“Numerous employment-related settlements include non-disclosure clauses that prevent us from providing details about the terms of settlement,” said Staff Sgt. Tania Vaughan, a spokesperson for the RCMP. “In addition, there are privacy considerations protecting personal information in settlements.”
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Meanwhile, critics of the RCMP say it’s simply not good enough for the force to remain silent on this issue – particularly given the organization’s influence and the current push toward ending sexual harassment and discrimination against women.
“There’s been a complete culture change in the public – they expect this information, they demand it,” said Michael Kempa, a criminology professor at the University of Ottawa and a long-time advocate for police transparency.
He says if the RCMP were truly committed to regaining the public trust and that of their employees, they’d be as open and honest as possible with respect to the amount of tax dollars being used to settle sexual harassment and discrimination claims made against police officers entrusted with enforcing the law.
“People lose faith in public institutions if they’re not given that information,” he said. “Given that we know there’s a crisis of faith and legitimacy in the RCMP, it would be in the interest of ground level officers for management and the government – Public Safety Canada – to give it up.”
But Public Safety Minister Ralph Goodale says the settlement was purposefully set up so the RCMP did not have control over the agreement. He says the “arms-length” assessment process precludes the RCMP from releasing any specific information.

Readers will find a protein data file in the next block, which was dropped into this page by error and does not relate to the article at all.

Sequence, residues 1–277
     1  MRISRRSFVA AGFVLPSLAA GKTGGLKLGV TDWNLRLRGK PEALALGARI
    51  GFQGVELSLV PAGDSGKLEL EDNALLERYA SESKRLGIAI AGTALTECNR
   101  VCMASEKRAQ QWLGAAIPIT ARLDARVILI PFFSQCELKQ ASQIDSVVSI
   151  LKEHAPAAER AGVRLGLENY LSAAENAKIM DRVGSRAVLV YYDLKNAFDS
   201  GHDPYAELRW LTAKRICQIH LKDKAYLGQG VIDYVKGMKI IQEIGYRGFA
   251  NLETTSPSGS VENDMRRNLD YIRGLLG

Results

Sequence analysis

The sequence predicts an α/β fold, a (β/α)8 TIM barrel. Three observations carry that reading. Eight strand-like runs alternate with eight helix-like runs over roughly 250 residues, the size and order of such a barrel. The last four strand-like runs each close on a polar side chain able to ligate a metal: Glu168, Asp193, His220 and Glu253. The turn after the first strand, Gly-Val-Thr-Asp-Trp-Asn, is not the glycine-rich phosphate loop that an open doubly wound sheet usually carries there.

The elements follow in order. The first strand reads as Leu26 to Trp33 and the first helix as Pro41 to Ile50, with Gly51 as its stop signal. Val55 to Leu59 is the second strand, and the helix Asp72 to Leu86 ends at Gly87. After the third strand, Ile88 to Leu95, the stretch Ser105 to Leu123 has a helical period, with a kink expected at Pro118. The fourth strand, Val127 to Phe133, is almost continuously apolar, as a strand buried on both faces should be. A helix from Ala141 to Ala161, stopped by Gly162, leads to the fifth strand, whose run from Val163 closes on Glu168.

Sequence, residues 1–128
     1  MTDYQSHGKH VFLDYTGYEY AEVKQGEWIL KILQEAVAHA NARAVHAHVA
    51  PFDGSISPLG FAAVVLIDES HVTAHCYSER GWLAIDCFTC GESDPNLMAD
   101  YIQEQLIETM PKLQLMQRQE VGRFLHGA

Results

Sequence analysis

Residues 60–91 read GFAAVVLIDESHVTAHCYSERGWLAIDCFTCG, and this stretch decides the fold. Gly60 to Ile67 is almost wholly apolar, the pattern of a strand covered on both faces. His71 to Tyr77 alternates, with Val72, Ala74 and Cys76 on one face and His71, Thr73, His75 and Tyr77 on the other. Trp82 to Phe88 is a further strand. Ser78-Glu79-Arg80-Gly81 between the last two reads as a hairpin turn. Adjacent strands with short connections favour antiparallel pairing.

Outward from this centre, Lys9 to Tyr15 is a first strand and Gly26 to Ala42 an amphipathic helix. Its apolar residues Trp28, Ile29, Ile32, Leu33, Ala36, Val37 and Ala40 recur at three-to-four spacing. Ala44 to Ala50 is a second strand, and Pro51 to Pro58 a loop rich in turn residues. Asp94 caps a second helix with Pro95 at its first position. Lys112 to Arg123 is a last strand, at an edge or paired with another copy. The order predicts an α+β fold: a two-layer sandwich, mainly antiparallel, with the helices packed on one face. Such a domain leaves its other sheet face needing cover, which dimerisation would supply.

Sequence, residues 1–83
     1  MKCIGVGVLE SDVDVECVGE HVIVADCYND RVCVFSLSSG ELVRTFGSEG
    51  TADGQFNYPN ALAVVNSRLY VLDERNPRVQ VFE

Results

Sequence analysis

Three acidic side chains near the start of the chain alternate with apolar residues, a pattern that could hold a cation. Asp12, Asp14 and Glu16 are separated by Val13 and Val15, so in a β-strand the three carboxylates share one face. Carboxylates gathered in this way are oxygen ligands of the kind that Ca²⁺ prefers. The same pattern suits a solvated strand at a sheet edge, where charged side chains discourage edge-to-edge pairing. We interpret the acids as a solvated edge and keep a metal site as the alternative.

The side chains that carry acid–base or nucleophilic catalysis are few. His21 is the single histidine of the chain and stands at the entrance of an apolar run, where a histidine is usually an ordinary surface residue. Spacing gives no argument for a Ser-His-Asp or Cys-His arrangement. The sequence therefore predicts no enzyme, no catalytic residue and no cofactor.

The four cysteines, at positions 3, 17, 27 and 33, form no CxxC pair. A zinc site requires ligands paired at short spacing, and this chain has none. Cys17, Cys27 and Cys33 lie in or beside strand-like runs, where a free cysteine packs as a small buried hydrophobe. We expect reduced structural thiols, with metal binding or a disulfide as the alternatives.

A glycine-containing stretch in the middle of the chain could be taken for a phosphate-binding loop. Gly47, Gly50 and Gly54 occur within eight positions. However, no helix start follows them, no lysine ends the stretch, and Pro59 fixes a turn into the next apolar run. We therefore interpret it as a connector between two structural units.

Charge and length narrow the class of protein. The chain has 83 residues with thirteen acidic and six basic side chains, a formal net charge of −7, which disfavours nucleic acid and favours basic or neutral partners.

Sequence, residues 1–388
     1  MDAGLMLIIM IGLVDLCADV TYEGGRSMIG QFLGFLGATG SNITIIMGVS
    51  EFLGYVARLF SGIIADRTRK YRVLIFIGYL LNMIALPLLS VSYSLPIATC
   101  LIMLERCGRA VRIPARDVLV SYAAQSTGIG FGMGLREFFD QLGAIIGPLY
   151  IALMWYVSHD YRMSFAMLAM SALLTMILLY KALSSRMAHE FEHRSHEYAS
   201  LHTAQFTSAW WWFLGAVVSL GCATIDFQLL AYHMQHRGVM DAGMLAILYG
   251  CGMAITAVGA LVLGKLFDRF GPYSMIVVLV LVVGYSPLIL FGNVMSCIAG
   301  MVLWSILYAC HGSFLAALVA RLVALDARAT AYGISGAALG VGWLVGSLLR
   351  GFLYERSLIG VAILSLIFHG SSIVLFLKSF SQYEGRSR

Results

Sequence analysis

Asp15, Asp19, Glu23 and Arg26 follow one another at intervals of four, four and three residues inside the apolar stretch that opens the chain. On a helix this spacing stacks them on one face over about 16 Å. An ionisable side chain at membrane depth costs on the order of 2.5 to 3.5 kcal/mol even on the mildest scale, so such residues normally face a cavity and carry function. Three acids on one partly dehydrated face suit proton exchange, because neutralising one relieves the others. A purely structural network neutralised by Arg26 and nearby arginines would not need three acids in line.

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“They [the RCMP] are not making the decisions here,” Goodale said. “Those decisions are being made under the very careful supervision of a completely independent person, a former justice of the Supreme Court of Canada… that is the court approved process for making sure this matter is handled in an absolutely proper manner.”
The RCMP, meanwhile, says it takes these claims very seriously and is working hard to fix the errors of the past while ending sexual harassment and discrimination against female employees.
“The RCMP remains committed to its continuing efforts to address harassment in all its forms and to take steps to ensure that all persons working within the RCMP have a safe and respectful workplace,” said Vaughan.
NDP MP Matthew Dubé says both the government and RCMP should be as transparent as possible. He says the new numbers are further evidence of just how bad things had become within the RCMP.
“It’s just mind-boggling,” Dubé said. “It’s really completely unacceptable and quite discouraging to see the magnitude of the situation. The fact that it could continue to grow and it’s a stark reminder that work needs to be done — both on the part of the government and the RCMP.”
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Kempa agrees. He says the RCMP has a responsibility to make itself open to the public. Certainly there are issues of privacy and confidentiality, but in general, he says when managing a crisis of public confidence the force should be more transparent.
“If you’re expecting major reform – even if it’s bad news – you want to get it out in the public,” Kempa said. “To deal with precisely the problems we’re acknowledging. Breaking with the past and not trying to keep quiet about things.”